We’re getting pretty creative in how we recruit, offering new-hire retention bonuses and getting referrals through employees who are trying to recruit through the churches they go to. Once we get them in the door, our orientation process is pretty comprehensive—they go through our Culture Workbook so they can get on board early and we make sure they understand the DAC culture and membership. But because we’re a year-round club, recruiting at colleges is tough, because we don’t have summer or winter seasons. Our chef has been a professor at a culinary college, so that’s helped with kitchen staff. But in the front of house, we’re still struggling.
Question: What lessons have been learned, especially through challenges posed by the pandemic, about effective governance and Board/committee structure and management?
M. Kent Johnson: We’ve really tried to be focused on building our committees back the right way, with no single-issue or single-minded folks on any committee, a vetting process for what it takes to even get on a committee now, and making sure we have the right mix of men and women and ages represented and that they’re all focused on the same goal.
Michael Stacks: You want the people who really love their club to be part of what’s driving all of the policies and programs. We send out an interest form to all of our members, to see who wants to be on a committee and what they’re interested in. We get 30 to 40 responses from that each year and that’s who we go to. It’s no longer ‘I want all my fraternity brothers on the committee’; now we have structure and it really works, especially in this climate.
Question: What’s ahead for the future at your clubs?
Tai Tran: We see a lot of demand from our membership now for programming that’s outside the four walls of the DAC. As an example, I took about 220 members last year to The Breakers in Florida, and this year we’ll go back with maybe 250. We’re hoping to build on that to add more member experiences and value to their membership. We have an eight-story building, but are busting at the seams sometimes and have overcapacity inside the building, so it’s nice to be able to do things with members that are not only “outside the box” but “outside the building,” and we’re looking to do more of that.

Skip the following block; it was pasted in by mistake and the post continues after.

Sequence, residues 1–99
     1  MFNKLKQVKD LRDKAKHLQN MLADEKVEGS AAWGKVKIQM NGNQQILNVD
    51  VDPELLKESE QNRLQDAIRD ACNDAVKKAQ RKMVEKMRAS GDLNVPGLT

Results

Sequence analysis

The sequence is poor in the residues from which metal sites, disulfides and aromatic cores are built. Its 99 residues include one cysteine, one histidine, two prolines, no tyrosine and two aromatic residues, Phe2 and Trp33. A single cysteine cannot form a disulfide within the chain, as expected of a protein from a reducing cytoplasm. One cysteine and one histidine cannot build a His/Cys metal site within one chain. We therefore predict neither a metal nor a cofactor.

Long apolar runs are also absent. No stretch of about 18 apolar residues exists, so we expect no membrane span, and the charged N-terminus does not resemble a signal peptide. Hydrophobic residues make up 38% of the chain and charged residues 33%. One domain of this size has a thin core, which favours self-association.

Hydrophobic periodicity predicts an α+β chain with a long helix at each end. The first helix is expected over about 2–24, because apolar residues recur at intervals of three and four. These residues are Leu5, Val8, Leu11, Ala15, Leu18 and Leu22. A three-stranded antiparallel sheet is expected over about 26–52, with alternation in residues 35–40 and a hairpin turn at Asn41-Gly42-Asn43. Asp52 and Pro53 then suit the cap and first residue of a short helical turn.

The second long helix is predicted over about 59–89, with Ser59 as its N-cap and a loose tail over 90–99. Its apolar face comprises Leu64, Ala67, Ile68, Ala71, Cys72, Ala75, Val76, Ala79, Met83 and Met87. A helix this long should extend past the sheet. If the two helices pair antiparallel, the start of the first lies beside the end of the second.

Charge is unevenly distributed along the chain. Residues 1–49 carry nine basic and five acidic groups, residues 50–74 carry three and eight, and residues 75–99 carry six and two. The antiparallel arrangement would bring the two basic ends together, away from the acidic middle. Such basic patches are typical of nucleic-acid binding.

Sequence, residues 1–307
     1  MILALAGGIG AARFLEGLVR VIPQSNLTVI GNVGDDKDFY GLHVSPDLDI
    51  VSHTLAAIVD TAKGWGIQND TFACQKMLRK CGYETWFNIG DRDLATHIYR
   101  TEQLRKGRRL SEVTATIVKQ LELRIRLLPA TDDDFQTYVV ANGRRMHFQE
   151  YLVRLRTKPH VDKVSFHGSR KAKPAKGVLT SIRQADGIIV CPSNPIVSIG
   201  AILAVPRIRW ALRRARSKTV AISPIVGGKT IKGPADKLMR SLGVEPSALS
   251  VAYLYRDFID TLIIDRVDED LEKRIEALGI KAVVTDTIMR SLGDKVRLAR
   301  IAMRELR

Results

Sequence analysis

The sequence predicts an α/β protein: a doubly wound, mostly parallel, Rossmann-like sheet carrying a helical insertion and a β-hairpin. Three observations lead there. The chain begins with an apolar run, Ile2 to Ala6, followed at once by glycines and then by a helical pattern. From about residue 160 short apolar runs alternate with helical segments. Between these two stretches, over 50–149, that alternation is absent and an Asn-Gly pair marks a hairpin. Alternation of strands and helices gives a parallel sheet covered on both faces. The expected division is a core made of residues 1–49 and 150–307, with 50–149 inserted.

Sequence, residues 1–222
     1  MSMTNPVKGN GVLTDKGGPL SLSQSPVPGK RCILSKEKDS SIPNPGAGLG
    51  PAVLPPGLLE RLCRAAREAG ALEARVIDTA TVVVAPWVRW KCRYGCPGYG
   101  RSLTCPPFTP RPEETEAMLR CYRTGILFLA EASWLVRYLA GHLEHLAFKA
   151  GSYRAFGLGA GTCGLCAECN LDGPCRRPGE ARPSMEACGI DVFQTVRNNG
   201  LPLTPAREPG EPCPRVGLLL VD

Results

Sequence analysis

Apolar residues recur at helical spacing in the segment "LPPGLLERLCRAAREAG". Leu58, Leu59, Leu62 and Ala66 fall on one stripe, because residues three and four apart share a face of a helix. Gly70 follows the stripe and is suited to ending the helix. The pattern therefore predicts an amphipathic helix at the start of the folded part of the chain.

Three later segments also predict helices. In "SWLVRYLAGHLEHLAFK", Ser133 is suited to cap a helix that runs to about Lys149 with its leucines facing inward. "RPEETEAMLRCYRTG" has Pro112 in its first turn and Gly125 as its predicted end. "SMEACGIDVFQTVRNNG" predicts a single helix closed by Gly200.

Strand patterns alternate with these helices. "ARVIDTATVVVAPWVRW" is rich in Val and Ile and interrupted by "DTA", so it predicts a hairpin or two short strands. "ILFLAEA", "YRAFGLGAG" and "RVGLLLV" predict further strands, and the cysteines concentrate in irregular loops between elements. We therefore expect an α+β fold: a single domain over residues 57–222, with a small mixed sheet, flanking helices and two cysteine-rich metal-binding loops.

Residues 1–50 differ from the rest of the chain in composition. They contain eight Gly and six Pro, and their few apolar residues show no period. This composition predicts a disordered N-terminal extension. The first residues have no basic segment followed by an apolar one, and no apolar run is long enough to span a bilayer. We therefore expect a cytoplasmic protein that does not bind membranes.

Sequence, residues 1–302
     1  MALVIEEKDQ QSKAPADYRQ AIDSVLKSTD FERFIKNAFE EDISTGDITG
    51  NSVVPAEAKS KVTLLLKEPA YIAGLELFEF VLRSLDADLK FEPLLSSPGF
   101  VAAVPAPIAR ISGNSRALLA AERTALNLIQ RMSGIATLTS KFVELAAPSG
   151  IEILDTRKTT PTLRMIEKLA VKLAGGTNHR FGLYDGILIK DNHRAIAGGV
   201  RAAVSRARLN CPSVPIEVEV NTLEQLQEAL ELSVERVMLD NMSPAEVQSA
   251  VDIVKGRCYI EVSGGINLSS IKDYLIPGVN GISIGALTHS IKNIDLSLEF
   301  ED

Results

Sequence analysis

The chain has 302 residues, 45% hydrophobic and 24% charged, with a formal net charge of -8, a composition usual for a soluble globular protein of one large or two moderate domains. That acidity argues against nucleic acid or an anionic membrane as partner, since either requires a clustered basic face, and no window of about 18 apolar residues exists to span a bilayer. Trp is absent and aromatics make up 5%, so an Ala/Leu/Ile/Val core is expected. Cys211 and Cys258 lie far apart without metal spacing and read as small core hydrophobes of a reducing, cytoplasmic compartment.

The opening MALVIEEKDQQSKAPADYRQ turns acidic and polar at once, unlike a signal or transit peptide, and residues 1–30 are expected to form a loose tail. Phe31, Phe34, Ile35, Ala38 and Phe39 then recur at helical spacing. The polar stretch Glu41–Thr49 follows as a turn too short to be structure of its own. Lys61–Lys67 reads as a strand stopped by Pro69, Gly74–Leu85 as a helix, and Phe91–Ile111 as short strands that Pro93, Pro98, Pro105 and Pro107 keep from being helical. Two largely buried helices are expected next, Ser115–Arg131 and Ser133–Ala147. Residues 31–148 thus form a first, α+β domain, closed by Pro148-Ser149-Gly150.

Steven Cummings: We have a project that is in the permitting stage with the city of Boston. The annex to our main clubhouse, which includes squash courts and locker rooms on multiple levels, is not handicapped accessible, and the cost to make it accessible is extraordinary. So we started looking at development opportunities and formed a partnership with a developer to plan about a $135 million project that would raze the existing building and put up a new 11-story building.
We’d have 20,000 sq. ft. to ourselves, for space that would include a new locker room, squash complex and fitness facility. There would be about 100 luxury apartments above that, and also a rooftop amenity that we would own and operate. We also have the last surface parking lot on our street and there’s a plan to build an underground/aboveground garage with another 30 apartments.
We’d do it through a 75-year ground-lease, after which the Club will take back all the assets. So for our share, we’re getting about $30 million in new facilities and also getting some cash payments from the ground-lease. It’s going to be about an 18-month to 2-year project and there’s a lot of work to do, to find temporary squash facilities and solve parking issues—the plan is to be open completely during the renovation. But it’s pretty exciting.